Terminated security officer deletes former employer's data using secret account

Incident Date: September 1985
Incident Location: Fort Worth TX USA

USPA & IRA was a licensed life insurance agency and registered securities dealership based in Fort Worth, Texas. The company relied on approximately 450 independent agents to sell its services around the country. Agents were paid a commission based on their sales, which amounted to around $2 million at the time of this story.

One morning in September of 1985 company officials arrived at work to find that the computer system responsible for calculating commissions had experienced a large loss of data. Around 75% of the commission records had been deleted. The company would be unable to pay agents their commission without those records.

After analyzing system logs, personnel discovered that the deletions had occurred between 3:00 AM and 3:30 AM earlier that morning. During this time someone had executed several programs that deleted the records. But further investigation revealed that these programs had been written around three weeks prior to the incident.

Donald Gene Burleson was formerly a senior systems analyst with the company who had been involuntarily terminated within the previous three days. In his role he had served as the company’s operations manager and security officer, thereby having privileged access to the company computer. Investigators soon named Mr. Burleson as the prime suspect.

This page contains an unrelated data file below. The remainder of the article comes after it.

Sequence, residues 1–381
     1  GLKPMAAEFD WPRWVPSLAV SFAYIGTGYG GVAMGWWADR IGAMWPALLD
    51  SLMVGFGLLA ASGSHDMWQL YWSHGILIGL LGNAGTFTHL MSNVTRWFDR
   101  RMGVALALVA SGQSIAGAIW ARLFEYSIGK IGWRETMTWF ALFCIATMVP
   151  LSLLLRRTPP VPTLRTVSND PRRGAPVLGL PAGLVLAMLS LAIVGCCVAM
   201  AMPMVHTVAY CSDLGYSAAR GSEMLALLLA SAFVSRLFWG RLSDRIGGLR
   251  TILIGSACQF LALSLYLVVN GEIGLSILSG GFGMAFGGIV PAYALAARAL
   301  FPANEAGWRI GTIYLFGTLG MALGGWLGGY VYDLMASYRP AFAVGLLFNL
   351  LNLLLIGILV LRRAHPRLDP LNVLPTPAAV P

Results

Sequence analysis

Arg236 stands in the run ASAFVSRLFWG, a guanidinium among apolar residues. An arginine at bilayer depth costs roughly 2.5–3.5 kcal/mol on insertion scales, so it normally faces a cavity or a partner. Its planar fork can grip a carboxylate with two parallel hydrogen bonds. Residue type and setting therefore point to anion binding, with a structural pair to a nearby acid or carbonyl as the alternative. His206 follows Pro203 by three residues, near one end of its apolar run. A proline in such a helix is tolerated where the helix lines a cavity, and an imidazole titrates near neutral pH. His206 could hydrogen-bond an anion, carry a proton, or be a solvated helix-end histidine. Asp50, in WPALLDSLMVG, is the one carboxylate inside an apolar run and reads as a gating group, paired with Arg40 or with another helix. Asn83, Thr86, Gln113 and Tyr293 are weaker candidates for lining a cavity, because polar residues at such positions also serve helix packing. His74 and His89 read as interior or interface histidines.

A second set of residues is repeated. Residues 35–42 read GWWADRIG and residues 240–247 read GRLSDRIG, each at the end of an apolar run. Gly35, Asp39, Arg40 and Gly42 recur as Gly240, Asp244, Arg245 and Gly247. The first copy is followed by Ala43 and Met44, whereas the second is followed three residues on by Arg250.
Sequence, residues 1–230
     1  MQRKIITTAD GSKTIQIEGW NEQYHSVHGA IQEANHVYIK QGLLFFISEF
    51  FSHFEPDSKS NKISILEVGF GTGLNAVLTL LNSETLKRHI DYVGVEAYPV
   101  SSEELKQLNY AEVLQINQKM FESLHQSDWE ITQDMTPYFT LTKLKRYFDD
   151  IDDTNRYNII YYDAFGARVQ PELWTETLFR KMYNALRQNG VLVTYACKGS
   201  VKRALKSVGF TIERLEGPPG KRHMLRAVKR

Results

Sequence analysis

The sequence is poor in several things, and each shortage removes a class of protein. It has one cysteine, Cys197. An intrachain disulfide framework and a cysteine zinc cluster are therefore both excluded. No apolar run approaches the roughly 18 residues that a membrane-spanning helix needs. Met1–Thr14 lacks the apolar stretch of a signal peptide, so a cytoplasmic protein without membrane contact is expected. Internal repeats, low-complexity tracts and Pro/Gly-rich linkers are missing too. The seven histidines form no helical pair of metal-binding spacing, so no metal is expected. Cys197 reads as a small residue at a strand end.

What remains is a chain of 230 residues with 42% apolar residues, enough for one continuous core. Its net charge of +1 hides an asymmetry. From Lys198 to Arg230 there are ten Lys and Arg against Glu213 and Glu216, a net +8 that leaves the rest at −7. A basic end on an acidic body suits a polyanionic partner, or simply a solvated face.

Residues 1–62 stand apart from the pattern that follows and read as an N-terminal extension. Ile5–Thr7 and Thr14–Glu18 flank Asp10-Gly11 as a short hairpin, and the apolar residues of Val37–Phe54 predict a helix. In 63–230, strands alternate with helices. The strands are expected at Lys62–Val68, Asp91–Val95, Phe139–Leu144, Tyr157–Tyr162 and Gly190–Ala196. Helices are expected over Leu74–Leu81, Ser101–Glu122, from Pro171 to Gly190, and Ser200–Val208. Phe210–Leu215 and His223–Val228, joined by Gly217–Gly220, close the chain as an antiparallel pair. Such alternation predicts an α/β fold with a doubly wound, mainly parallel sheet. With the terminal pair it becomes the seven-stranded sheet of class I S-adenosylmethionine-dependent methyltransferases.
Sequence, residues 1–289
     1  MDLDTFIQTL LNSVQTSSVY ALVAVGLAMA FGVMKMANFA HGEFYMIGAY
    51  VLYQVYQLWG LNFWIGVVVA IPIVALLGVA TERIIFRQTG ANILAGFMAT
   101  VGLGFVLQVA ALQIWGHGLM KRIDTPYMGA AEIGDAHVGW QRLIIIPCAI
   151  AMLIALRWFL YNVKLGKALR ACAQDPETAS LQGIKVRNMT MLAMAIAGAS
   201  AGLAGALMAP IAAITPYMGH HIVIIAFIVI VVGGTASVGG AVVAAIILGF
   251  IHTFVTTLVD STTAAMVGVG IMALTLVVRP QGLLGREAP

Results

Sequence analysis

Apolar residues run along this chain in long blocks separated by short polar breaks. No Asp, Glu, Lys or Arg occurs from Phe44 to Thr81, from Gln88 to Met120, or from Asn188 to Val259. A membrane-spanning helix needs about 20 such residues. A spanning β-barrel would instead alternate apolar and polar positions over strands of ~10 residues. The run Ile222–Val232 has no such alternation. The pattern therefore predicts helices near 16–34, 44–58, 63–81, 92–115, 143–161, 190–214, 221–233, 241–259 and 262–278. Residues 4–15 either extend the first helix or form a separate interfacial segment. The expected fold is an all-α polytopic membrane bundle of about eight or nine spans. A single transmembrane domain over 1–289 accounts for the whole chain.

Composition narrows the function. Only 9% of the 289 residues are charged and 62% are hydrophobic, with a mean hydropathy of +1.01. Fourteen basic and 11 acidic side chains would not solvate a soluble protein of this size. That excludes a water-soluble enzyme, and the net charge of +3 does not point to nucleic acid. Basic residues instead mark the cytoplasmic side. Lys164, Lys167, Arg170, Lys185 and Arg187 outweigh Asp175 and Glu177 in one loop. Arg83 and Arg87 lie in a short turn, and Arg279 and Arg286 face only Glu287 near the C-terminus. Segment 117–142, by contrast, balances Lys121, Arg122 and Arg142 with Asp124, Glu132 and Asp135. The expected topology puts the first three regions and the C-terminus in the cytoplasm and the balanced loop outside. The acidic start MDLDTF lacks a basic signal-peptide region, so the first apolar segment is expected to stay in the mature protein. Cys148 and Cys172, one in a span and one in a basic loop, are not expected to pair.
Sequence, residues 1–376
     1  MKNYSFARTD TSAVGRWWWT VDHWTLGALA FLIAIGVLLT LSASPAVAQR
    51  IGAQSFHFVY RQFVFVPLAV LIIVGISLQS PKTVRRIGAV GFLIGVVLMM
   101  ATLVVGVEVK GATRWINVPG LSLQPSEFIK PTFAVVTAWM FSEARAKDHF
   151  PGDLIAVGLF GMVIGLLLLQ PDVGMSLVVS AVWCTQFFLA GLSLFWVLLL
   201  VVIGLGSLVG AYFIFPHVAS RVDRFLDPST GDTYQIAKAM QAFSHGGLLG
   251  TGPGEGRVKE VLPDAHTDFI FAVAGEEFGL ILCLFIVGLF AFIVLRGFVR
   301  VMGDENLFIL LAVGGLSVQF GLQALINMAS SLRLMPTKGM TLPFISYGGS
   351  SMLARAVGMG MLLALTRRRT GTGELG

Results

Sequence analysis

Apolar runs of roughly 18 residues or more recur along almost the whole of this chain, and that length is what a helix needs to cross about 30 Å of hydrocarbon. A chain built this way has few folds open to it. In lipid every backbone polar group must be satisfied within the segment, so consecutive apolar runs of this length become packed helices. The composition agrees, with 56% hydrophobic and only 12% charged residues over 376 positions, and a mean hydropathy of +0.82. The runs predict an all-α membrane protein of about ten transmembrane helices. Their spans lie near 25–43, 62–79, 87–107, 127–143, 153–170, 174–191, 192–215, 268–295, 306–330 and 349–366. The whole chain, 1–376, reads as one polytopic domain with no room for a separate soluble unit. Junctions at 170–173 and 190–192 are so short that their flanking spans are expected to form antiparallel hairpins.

On the day that Mr. Burleson was terminated from USPA & IRA, his system account was deleted and a new password was assigned to the security officer account. However, investigators believe that he entered the company’s building three days after being terminated. During this incursion, Mr. Burleson used a secret privileged account he had created while still employed. This account allowed him to view the new password of the security officer account.

Now using the security officer account Mr. Burleson ran the programs which deleted commission records on the computer. His programs were designed to delete the records, copy themselves to a new name, delete the previous copies, and schedule the new copies to run when the normal commission records process executed. This configuration would ensure a continued source of problems as well as make tracing and stopping the record deletions more difficult.

USPA & IRA sued Mr. Burleson in civil court for illegal trespass, breach of fiduciary duty, and gross negligence. The jury agreed with the plaintiff’s argument and ordered Mr. Burleson to pay approximately $12,000 in damages.

Following this litigation, prosecutors charged him in criminal court with burglary, harmful access to a computer with loss and damages over $2,500, and criminal mischief over $750. He was found guilty following a two-week jury trial. Mr. Burleson’s sentence was seven years of supervised release and $11,800 in restitution to the company.

Fortunately, USPA & IRA had backup data which allowed them to reconstruct the deleted records and pay the commissions due to the agents.

Story Sources

Title: Dedicated Computer Crime Units
Author: J. Thomas McEwen
Date: 6/1/1989
Publication: National Institute of Justice
Data Destruction and Logic Bomb Case
Publication Location: Washington D.C. USA

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